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Against my expectations, it turns out that a fair few of you do have some passing interest in hockey, at least when it's used as a vehicle for fanfic humor(ish-ness). Keep an eye on this bit above the break--I'll irregularly update y'all on who's been eliminated over the next couple of months. Fair warning, though: the bracket I larked up ends up giving best odds to some of the worst stories. But I suppose that's as it should be--you ought to be upset when the Rangers win, after all!
Anyway, click down below the break for my totally non-hockey-related review of Argonmatrix's A Draconequus’ Guide to Immortality.
Impressions before reading: Argonmatrix is an author from whom I haven't read very many stories, but I've been very impressed with those stories I have read. As such, I'm looking forward to this; as overdone as they can be, I like a good "dealing with immortality" story, and I'm hoping that's what this will be.
Zero-ish spoiler summary: At the newly-alicornified Twilight Sparkle's coronation as princess, Twilight finds herself distracted by the question of her lifespan--and what it means for her. And it just so happens there's a draconequus at the celebration who's got plenty of experience living forever.
Thoughts after reading: The writing in this story is exceptional in a lot of ways. There's an easy, natural flow that makes it easy to breeze through the construction in favor of focusing on content (for those so inclined), but that construction has a lot to recommend it beyond simple lack of distraction. ArgonMatrix has a knack for original but natural-sounding metaphors, as well as for gentle plays on the same ("She twisted her body again, looking up at the moon. It looked back at her just as it did every night—just as it would every night for the rest of her life. It was a fixture. A rock—both literally and figuratively—that ponies could always count on to be there"). Beyond that, the vocabulary and phrasing combine fairly simple, highly readable phrasing/vocabulary with a well-balanced mix of dialogue an description to create a broadly pleasing story at the technical level.
The story itself, however, takes a while to get going. To a certain extent, this is appropriate; slice-of-life fiction doesn't necessarily need a heavy, immediate hook. But the gist of Twilight's problem--or rather, what's bothering her--comes in fairly early, and the space between then and when said issue is first explicitly addressed occupies about half the total story. What's in-between isn't irrelevant by any measure, but it does create a pacing problem; the majority of the fic feels like it's part of an overlong introduction.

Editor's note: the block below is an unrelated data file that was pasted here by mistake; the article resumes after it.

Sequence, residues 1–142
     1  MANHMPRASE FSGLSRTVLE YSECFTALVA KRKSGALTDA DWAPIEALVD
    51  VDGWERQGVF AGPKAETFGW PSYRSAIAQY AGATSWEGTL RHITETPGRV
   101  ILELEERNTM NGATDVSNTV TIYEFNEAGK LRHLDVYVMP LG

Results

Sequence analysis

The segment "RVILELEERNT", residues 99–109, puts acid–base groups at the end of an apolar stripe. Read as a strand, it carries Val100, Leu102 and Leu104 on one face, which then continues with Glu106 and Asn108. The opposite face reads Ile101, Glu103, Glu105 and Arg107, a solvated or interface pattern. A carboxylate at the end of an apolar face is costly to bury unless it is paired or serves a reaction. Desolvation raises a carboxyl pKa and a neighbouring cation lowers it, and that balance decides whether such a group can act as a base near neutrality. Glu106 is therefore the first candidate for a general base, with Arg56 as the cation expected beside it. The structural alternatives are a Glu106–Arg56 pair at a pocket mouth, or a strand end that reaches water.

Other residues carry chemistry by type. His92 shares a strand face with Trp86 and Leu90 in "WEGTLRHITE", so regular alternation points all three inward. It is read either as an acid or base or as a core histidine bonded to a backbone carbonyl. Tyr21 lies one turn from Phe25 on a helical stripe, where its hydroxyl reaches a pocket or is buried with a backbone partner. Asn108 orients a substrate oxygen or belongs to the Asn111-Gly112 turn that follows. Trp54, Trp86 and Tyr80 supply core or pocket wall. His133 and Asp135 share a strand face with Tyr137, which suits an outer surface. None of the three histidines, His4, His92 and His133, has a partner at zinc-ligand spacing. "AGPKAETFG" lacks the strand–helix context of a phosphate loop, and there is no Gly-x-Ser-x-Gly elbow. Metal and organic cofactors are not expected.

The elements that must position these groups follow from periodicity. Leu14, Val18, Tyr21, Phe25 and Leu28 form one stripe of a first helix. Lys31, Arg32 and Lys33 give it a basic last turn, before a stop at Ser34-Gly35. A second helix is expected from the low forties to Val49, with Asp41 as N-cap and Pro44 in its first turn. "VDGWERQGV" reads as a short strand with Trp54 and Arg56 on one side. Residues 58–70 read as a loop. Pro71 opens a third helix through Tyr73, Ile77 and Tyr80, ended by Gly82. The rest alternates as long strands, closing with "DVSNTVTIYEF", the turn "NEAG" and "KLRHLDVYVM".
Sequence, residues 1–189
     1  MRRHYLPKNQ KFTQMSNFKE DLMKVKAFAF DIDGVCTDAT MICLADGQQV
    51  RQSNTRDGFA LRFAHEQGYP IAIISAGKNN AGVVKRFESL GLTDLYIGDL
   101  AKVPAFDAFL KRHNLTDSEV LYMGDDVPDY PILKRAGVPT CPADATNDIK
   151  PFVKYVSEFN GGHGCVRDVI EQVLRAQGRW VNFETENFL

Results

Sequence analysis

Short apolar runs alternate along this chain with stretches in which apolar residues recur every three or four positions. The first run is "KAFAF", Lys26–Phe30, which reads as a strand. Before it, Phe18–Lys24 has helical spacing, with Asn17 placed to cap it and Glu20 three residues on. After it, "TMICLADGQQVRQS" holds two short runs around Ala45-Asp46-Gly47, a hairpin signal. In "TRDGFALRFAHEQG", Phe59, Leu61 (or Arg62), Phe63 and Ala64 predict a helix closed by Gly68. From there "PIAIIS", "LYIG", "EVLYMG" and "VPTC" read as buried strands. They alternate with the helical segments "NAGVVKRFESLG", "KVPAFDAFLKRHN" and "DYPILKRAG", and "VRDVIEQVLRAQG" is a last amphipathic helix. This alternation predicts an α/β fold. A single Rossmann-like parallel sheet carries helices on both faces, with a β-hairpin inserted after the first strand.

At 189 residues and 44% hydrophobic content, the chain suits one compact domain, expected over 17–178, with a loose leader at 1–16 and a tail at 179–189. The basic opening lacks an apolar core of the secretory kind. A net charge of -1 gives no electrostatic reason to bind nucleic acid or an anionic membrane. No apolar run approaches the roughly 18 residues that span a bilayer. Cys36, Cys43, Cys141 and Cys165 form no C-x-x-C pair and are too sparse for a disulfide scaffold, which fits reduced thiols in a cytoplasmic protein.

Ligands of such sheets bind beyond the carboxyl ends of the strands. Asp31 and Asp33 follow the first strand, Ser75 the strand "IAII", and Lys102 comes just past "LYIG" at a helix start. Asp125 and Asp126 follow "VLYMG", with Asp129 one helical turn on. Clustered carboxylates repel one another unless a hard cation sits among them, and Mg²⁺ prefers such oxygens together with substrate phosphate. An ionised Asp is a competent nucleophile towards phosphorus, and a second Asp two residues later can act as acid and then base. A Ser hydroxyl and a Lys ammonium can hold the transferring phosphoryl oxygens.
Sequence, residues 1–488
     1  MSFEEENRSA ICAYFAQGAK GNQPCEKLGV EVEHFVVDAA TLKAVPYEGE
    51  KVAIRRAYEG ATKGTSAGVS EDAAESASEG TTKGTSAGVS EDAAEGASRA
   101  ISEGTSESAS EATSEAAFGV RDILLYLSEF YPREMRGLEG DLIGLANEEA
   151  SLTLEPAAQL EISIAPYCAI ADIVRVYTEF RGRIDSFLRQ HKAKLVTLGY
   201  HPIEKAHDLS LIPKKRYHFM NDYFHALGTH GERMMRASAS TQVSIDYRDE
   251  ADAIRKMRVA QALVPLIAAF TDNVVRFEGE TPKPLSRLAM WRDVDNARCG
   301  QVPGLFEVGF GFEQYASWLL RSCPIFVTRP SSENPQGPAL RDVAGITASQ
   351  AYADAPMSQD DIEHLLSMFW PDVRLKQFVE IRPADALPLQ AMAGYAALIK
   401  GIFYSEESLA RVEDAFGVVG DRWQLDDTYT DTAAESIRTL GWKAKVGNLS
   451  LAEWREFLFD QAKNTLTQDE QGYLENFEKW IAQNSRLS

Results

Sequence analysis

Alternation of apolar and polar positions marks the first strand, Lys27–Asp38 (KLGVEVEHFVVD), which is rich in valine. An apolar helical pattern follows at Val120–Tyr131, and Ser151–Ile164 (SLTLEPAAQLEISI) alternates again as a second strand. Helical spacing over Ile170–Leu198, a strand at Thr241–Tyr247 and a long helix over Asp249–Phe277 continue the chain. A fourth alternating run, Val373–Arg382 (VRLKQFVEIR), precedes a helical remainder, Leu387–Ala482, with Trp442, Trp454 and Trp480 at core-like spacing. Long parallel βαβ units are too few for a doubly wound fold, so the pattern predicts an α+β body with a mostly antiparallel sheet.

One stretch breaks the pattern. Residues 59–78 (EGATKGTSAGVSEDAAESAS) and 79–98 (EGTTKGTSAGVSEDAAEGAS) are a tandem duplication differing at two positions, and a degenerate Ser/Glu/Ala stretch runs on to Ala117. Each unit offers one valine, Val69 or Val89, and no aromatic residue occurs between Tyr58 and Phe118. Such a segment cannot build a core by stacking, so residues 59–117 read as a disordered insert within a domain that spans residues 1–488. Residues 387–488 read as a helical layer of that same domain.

Once it "gets going," though, the story goes in a pleasant direction. Discord does a nice job of keeping the proceedings from getting too maudlin, while still allowing the author to touch on a fairly serious topic, albeit rather lightly. That lightness proves to be a positive as well; within the context of "Twilight is bothered by the implications of immortality at a party," a heavier hand would have felt out of place. Instead, Guide addresses her concern in an open-ended, slightly flippant way, without turning the whole premise into a joke--and that was exactly the right choice for this story.
Characterization is very strong with all the story's characters. Twilight's self-doubt and tendency to overthink not only come through clearly as character traits, but as actual story drivers. Discord, meanwhile, feels very well-realized (allowing for the fact that this is a pre-S4 story, anyway), mixing his trademark snark and physicality with a genuine, if ill-developed, desire to help. Even the minor characters have a bit of character invested in them.
While ponies like Rarity and Applejack were more than caricatures in actions and development, though, their vocabulary tended toward the opposite. An overuse of character tics (Rarity drops two "darling"s in her first two sentences) may not be the most egregious of flaws, but it does tend to make characters feel shallow--specifically, it makes those tics feel like their defining characteristics, which detracts somewhat from the sense that these ponies are fully-realized.
Although it's paced rather more languidly than it really needs to be, this is still an enjoyably low-stakes but still (a bit) thoughtful look at how a chaos-causing grumblepuff might reassure a newly-beprincessed pony in a moment of doubt.
Recommendation: For fans of immortality stories and strong characterization, this is an easy recommendation. Even readers normally trepidatious of that premise might still want to give this a look, if their primary fear is an overabundance of angst.
Next time: Without a Hive, by Phoenix_Dragon